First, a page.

one-off burden, estimated to be about £200,000, would be
placed on the Horserace Betting Levy Board as it updated its computer
system. Although acknowledging that this would be a one-off burden,
the Committee was sufficiently concerned not to establish a principle
of transferring burdens that it stated
"We wish nevertheless to emphasise that, as
a general principle, we do not consider it acceptable that a deregulation
proposal should relieve a burden on one part of an industry only
to impose a substantial financial cost on another part of the
9. The previous Committee also accepted a proposal
which removed a burden on private building inspectors, but imposed
a smaller burden on local authorities.
Again the Committee noted that it would not necessarily accept
such a transfer of a burden in future cases. It found that the
order-making powers under the 1994 Act were not intended to provide
for the re-scheduling of a regulatory régime to engineer
a wholly new burden on a new party, or substantially to transfer
such a burden.
10. The consultation document states the case for
allowing small increases in burdens, or impositions of small burdens
on some parties where a larger burden is being removed on other
A regulatory impact assessment would be required to accompany
any imposition of new regulation. The document cites as an example
that the existing power could not be used to rationalise a system
of licensing food shops if it meant that some shops that were
previously exempt from the requirements would then be covered
by a process that was much simpler and cheaper for a much larger
number of shops. We found it useful to bear in mind such a proposal,
which might bring great savings for large supermarkets, but impose
a licensing burden on smaller food retailers, while we explored
the principles involved.
11. Mr Kilfoyle's view was that, before making a
proposal that transferred a burden or imposed one on a new party,
a Minister would need to be convinced that the overall change
would be in the interests of a "far greater good", and
would need to satisfy the Committees in both Houses of the "proportionality"
of the proposal .
He stated that there would be no legal definition of proportionality;
this judgment would be at the discretion of the Committees, and
of the Minister bringing the proposal forward.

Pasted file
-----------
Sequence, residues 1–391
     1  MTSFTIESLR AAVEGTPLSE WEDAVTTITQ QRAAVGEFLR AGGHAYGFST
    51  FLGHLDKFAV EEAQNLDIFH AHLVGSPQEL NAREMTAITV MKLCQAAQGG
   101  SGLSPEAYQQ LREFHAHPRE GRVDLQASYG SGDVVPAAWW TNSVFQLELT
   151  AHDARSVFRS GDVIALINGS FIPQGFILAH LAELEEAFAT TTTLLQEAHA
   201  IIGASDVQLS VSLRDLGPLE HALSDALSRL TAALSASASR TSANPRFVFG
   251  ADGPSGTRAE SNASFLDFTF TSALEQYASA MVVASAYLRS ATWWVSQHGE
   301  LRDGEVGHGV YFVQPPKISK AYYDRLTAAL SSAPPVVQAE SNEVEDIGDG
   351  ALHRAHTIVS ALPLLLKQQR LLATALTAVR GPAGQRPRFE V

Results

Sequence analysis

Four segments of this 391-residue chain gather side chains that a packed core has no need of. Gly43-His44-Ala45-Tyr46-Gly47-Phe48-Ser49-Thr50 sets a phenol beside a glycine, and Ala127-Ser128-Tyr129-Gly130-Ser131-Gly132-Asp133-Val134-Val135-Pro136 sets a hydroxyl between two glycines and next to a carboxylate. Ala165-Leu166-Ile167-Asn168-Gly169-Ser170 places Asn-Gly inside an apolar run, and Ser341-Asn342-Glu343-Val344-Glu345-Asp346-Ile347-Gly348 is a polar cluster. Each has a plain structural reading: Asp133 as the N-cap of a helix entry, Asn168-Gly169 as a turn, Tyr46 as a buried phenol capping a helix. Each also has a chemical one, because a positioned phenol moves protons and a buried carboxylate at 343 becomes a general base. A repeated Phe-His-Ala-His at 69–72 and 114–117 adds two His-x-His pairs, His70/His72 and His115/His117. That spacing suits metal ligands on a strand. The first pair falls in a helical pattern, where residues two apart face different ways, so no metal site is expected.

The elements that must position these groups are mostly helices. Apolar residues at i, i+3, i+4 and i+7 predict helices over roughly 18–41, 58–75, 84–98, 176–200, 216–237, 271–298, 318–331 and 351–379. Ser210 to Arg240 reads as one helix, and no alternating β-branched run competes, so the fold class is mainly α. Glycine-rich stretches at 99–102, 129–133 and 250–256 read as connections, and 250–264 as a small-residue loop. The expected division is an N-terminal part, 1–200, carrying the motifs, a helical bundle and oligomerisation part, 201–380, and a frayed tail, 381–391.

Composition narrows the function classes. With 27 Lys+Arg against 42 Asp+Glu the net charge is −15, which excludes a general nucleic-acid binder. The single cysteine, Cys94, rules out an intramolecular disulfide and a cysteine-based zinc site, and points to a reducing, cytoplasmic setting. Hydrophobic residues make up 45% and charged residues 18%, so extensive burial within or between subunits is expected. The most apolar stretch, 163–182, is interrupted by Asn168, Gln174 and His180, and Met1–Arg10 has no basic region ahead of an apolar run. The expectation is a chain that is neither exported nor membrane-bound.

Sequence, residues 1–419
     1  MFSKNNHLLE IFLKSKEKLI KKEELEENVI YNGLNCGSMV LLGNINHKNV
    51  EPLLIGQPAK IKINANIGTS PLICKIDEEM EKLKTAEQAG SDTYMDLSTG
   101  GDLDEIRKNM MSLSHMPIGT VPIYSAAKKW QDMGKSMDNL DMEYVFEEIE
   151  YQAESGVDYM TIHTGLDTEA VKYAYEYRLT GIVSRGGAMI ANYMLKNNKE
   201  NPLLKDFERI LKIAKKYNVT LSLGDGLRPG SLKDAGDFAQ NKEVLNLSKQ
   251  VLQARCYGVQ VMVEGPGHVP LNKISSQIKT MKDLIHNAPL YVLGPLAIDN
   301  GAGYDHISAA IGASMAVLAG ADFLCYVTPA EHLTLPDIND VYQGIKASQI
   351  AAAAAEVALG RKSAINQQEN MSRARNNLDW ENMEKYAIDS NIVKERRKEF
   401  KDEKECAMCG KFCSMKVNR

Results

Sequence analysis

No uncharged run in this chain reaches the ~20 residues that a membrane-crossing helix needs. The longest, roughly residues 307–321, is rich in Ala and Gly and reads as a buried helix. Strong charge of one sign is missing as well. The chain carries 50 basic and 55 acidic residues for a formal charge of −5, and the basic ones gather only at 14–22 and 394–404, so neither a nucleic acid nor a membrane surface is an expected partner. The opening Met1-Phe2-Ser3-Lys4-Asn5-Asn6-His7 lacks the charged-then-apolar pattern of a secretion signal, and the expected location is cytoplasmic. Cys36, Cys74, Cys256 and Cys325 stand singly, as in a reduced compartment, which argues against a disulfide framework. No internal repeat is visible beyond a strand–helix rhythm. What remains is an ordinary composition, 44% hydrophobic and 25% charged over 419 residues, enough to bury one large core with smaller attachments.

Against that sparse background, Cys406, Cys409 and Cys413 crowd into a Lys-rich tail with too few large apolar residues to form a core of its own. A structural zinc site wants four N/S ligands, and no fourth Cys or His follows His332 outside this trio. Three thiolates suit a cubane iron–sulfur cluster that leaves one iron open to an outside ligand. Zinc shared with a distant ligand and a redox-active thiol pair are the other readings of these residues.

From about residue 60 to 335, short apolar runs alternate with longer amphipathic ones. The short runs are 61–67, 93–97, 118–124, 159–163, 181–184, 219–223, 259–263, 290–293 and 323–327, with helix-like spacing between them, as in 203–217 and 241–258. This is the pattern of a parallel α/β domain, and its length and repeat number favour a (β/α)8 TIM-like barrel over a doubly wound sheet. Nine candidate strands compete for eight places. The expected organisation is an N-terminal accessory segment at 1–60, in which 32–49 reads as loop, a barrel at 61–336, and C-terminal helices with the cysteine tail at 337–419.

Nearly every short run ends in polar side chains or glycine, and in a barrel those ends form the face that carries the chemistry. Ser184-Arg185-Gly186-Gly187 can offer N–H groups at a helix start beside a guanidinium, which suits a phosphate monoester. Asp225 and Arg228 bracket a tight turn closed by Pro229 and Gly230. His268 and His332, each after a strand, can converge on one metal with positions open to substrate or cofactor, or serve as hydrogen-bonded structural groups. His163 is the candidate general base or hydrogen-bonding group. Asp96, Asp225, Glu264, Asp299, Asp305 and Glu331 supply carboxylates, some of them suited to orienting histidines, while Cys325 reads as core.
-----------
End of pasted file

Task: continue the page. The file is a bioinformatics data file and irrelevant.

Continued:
12. Lord Haskins acknowledged that the pursuit of
Better Regulation might involve transferring burdens from one
group to another.
However, he also warned that:
"Regulation seems to us particularly to impinge
on small businesses rather than large businesses. Large businesses
rather like regulation as a way of creating competitive advantage."
13. The Better Regulation Task Force identified "proportionality"
as one of its Principles of Good Regulation (see paragraph 5),
noting that this requirement entailed
- full consideration of alternatives to regulation;
- identification of the impact of any regulation
on all those affected, establishing the right balance between
risk and cost, and imposing no needless demands; and
- ensuring that any enforcement action was in proportion
to the seriousness of any offence committed under the regulation.
Principles such as these, together with the work
of the Better Regulation Task Force, will provide a useful background
to our future work.
14. The Government seems to see the "proportionality"
of a proposal as a matter of "common sense" judgement
on the part of the Ministers concerned and the two Parliamentary
Committees rather than a defined legal concept. However, we note
Professor Miers's view
that proportionality would, "if used as a test quickly assume
the substance if not the form of a legal prescription." Thus
he thought it helpful to consider the approach of courts, in particular
the European Court of Justice, which applies a test which asks
whether there is a reasonable relationship between a measure and
its purpose. In this context the relevant question would be whether
the benefit gained by the parties relieved of a burden bears a
reasonable relationship to the burden imposed on those parties
15. Professor Miers noted that it would be up to
the Minister bringing the proposal forward to convince the Committees